Pupils walked out of school yesterday to take part in a global campaign for action on climate change.

At 11am on Friday over 200 students from Archway, Marling and Stroud High left their lessons and gathered at the anti-slavery arch on the corner of the Paganhill estate before a march towards town.

"Our future, our choice" and "Why aren't more adults doing this?" were among the slogans on placards carried by the pupils for the protest which organisers Youth Strike 4 Climate said took place in more than 60 towns and cities.

Setting off, the pupils made their way along Stratford Road towards Beards Lane, crossing the railway bridge and stopping outside the gates of the two grammars.

"Join us!" some of the young protestors shouted - to what sounded like cheers from those still at their desks - before continuing on along Cainscross Road.

At this point the pupils began marching in the road itself, holding up traffic and chanting: "If not now, when? If not you, who?"

Some drivers edged past when they could. Others showed their support - a motorcyclist joined the parade, fist-bumping pupils.

One boy briefly sat in the road in front of a car.

Leading the charge towards Wallbridge was 15-year-old Dan Green, an Archway pupil who had helped organise the march.

His father, Stroud town councillor Rob Green, later said he was "very proud" of his son.

"They are very empowered by this. It's their future, it's important," Rob said.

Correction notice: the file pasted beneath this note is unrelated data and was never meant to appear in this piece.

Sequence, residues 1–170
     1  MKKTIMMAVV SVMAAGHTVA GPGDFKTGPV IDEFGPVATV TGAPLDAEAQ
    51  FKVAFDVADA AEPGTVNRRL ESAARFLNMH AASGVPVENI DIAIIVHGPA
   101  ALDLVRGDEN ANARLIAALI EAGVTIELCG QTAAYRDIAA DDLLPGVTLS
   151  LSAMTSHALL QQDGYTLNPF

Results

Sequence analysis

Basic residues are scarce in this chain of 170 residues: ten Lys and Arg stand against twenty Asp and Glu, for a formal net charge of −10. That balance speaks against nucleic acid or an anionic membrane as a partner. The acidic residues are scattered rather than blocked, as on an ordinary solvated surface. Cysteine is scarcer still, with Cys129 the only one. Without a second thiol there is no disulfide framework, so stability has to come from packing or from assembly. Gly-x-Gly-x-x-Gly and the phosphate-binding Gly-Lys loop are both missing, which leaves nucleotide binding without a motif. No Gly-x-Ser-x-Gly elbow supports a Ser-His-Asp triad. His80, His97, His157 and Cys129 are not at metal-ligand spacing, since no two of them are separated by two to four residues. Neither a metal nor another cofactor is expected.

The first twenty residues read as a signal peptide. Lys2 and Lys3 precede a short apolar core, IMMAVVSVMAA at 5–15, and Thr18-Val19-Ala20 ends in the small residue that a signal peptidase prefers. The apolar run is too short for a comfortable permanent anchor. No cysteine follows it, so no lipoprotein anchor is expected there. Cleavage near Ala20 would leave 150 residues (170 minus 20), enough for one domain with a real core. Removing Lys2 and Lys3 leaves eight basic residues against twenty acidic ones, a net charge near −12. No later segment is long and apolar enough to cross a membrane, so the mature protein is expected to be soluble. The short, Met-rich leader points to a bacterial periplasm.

Once in town the pupils began a rally, taking it turns to speak on an open stage as police arrived.

"Whose Earth is it?" one pupil asked to the reply of "Ours!" from the crowd.

Another said: "We all look different, and we are all wearing different uniforms, but we all want to save the world."

Friday's protest was part of a movement inspired by a 15-year-old girl from Sweden named Greta Thunberg who in September skipped class to hold a protest outside her country's parliament, accusing lawmakers of not following the Paris climate accord.

As to what Stroud's headteachers made of it, Colin Belford of Archway School said: "A number of students from the school carefully considered the issues being highlighted by protesters and decided to take part in today's demonstration.

"They were supported by their parents in their decision.

"While as a school we cannot condone students taking time out of education, we do believe that it is important that pupils take global issues seriously."